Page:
By: Beth Graybill

Earlier this week I had lunch with a dear friend who recently lost her mom to a very short and courageous battle with cancer.  I asked what she missed most about her mom and if there were any special reminders of her mom or small mementos left behind in her care.  Her response:

“My mom wasn’t a collector, so I don’t have a lot of things that remind me of her.  But I do have stories.  Stories of the way she impacted other people’s lives.  Stories that make me think about the way I live my life… about the choices I make and the things I value.”

Writer Annie Dillard says, How we spend our days is how we spend our lives.”  What you do says more about what you value than what you say you value.

So, how do you spend your days?  What do you value?

If you have a hard time defining your personal values, pause for a few moments and give this some intentional thought.  You have some choices here – either you define your life or you allow life to define you.  I understand that not all circumstances in life are your choice; but the responses to the circumstances are your choice.  So what choices do you make in life and how do those choices reflect your personal values?


It may be easy for you to define your values and yet there is difficulty in living out these values. Pat Murray illustrates this difficulty by saying, “If you want to see someone in real pain, watch someone who knows who he is and defaults on it on a regular basis.”


In one of my favorite books, Fierce Conversations, author Susan Scott encourages the reader to think through their own set of personal values by answering the following questions:


Where am I going? 
Why am I going there? 
How am I going to get there? 
Am I realizing my full potential? 
Am I fully extended in my capabilities? 
Is there value and fulfillment in my work today?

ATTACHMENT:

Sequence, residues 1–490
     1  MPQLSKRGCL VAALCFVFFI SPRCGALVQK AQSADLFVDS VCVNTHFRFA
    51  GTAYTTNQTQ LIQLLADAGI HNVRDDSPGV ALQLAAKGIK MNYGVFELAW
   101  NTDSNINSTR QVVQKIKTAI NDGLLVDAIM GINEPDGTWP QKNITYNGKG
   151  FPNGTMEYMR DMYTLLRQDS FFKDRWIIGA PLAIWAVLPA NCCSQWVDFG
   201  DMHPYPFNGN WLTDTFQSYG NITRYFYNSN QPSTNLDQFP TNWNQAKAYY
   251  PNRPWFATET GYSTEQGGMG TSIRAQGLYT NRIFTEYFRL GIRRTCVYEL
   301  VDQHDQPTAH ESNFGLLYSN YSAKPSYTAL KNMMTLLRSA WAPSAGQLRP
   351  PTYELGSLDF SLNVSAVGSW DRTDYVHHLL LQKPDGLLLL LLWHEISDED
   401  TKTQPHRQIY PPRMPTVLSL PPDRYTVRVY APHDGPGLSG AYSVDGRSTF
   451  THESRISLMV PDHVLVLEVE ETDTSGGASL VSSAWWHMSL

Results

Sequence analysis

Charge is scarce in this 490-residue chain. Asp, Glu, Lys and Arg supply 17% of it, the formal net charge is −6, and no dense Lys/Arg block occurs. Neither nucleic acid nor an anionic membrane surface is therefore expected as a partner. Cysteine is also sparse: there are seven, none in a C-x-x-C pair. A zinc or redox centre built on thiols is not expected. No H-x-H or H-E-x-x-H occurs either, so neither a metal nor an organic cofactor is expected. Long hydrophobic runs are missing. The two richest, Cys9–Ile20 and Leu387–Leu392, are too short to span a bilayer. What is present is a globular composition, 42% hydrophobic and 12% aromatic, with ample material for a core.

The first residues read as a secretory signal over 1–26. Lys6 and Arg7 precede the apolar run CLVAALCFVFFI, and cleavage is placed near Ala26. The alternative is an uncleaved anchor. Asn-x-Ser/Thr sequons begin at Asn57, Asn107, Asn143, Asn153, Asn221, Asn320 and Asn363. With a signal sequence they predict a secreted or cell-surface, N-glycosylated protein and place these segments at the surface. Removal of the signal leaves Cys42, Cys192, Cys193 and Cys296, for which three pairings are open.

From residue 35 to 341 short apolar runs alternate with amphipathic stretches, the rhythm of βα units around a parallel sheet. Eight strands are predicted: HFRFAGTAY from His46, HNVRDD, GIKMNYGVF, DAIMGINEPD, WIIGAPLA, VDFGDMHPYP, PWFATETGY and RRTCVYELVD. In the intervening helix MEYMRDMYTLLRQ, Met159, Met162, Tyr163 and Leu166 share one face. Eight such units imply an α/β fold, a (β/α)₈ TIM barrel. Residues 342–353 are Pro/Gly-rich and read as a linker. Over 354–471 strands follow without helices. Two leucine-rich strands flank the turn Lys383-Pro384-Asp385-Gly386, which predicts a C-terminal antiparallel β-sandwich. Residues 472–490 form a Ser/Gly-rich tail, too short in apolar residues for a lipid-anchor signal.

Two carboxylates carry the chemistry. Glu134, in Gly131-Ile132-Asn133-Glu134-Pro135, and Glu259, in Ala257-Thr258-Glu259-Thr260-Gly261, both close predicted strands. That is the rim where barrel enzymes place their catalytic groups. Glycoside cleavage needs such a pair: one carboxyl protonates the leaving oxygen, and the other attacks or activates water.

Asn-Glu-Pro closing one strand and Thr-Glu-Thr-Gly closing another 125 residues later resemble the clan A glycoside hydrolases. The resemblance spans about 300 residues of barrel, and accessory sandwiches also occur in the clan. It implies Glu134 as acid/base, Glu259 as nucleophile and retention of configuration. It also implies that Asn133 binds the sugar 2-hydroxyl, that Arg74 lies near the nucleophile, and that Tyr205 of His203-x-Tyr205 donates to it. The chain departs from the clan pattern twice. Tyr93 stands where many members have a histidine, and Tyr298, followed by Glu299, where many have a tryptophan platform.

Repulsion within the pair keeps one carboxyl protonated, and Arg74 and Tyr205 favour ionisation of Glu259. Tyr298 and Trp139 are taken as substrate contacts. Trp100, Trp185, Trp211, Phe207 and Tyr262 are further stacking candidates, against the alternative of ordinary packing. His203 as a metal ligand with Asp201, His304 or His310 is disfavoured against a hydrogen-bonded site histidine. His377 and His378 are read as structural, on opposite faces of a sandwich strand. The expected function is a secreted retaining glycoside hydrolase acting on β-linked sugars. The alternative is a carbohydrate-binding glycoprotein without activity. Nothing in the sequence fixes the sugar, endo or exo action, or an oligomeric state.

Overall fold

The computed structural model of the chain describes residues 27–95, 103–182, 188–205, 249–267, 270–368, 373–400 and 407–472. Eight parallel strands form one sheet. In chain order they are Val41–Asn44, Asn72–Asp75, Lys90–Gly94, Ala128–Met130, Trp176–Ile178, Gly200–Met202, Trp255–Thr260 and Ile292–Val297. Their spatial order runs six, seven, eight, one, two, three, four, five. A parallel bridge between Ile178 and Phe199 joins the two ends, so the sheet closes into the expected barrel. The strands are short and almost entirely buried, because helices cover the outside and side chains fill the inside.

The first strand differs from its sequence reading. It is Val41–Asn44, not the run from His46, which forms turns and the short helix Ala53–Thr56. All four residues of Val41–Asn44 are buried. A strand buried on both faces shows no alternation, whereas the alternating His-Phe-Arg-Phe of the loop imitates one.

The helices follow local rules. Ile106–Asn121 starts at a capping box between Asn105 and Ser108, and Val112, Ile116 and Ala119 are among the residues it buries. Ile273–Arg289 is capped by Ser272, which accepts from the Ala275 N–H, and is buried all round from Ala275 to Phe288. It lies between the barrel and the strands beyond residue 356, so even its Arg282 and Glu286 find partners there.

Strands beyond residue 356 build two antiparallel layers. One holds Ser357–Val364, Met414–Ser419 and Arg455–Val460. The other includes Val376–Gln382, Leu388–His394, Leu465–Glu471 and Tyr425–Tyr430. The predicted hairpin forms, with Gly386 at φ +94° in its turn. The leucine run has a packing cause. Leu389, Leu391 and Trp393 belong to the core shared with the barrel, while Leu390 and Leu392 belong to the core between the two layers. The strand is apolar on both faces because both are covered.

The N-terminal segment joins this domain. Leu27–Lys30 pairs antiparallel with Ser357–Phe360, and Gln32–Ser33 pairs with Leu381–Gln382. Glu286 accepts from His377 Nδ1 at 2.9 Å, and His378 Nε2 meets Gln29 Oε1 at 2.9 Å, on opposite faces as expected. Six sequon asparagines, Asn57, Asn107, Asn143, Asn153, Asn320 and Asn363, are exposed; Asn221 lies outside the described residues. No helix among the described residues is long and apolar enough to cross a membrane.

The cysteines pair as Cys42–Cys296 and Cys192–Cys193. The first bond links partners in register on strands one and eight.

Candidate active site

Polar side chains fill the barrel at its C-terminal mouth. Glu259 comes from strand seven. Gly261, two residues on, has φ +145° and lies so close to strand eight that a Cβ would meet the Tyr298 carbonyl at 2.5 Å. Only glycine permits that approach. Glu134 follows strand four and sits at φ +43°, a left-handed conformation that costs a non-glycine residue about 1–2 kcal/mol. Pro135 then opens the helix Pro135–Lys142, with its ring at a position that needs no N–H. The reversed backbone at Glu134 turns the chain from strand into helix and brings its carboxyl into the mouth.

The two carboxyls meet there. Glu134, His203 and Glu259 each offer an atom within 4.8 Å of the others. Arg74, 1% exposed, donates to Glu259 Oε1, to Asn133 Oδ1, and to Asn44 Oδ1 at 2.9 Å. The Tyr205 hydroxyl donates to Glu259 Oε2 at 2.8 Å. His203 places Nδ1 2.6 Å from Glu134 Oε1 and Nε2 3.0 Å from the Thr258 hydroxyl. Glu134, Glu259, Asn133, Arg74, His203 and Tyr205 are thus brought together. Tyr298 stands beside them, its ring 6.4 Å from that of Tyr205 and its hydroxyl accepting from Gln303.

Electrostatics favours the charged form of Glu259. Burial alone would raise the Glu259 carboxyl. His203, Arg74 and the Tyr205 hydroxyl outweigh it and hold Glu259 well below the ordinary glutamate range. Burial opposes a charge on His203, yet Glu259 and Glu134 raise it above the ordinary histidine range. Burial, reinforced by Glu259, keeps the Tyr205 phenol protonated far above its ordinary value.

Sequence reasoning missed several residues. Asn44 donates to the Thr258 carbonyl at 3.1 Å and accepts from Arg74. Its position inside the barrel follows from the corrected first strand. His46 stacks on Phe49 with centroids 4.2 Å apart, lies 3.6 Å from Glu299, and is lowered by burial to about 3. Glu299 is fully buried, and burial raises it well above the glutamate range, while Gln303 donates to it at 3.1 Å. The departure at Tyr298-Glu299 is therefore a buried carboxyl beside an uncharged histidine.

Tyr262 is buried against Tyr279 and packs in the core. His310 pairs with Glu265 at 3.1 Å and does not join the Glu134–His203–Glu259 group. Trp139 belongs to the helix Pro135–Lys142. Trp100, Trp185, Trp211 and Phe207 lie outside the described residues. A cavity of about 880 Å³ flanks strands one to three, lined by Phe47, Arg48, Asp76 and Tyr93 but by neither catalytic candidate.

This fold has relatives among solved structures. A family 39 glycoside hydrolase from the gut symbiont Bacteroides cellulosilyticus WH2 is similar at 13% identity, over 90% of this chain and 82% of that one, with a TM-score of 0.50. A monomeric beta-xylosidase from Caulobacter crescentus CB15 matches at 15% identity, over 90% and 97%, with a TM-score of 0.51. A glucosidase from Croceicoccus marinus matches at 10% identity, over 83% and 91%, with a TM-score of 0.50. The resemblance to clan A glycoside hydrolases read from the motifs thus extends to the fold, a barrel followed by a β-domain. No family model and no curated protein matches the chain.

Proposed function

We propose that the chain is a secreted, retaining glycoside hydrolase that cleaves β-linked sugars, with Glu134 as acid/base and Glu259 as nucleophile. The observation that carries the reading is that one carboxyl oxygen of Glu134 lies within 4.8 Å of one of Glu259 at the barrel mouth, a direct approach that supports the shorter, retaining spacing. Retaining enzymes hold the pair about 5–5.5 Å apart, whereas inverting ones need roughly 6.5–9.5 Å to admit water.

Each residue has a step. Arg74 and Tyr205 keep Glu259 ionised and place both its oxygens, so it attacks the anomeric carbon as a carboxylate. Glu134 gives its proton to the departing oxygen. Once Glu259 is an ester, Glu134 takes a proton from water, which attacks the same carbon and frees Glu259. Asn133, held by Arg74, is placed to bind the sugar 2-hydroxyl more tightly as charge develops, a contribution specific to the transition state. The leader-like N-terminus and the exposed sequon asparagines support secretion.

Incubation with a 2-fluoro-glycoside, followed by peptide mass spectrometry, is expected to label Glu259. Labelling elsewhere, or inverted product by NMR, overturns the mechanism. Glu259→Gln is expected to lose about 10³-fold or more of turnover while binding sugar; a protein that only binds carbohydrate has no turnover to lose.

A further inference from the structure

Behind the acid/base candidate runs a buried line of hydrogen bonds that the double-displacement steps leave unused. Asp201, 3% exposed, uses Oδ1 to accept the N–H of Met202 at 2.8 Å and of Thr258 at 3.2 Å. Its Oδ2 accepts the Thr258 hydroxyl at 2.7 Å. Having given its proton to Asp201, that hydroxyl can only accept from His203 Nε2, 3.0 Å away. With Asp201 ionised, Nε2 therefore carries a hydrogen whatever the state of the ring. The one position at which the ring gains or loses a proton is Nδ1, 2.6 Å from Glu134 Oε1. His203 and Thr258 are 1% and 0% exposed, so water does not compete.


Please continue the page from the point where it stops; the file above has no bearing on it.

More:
When what you believe on the inside aligns with the actions you live on the outside, you have discovered your own personal values.  And when you anchor your life in those personal values, you live with integrity…you live with a consistency and a cohesiveness that brings strength to everything you do. You are a force.


Organizations have values too.  Whether written or not, there are unique beliefs that drive behavior within your organizational culture.  And it is your role – as a leader in your organization – to model those values and make sure they are communicated and understood and lived out. Every. Single. Day.  It is your job to encourage a consistent and cohesive culture that brings strength to your people and your mission.


Define your values, and then let your actions articulate those values.

(Previously posted on North Points Blog, a publication of North Group Consultants)

[/vc_column_text][vc_row][/vc_row][vc_column width=”1/4″][/vc_column][vc_single_image image=”339″][/vc_column][vc_column width=”3/4″][vc_column_text]Beth Graybill is a Spiritual Maturity Minister at Saddleback Church in Southern CA. She has a background in Organizational and Leadership Development and has worked with Propel Women, Zondervan, North Group Consultants and several churches over the past few years. She is married to Matt Graybill, also a Pastor at Saddleback Church, and has two middle school boys, Kallan and Aaron. She loves coffee, curious questions, good books and traveling to new places.[/vc_column_text][/vc_column][/vc_row][vc_column width=”1/4″][/vc_column][vc_column width=”3/4″][/vc_column]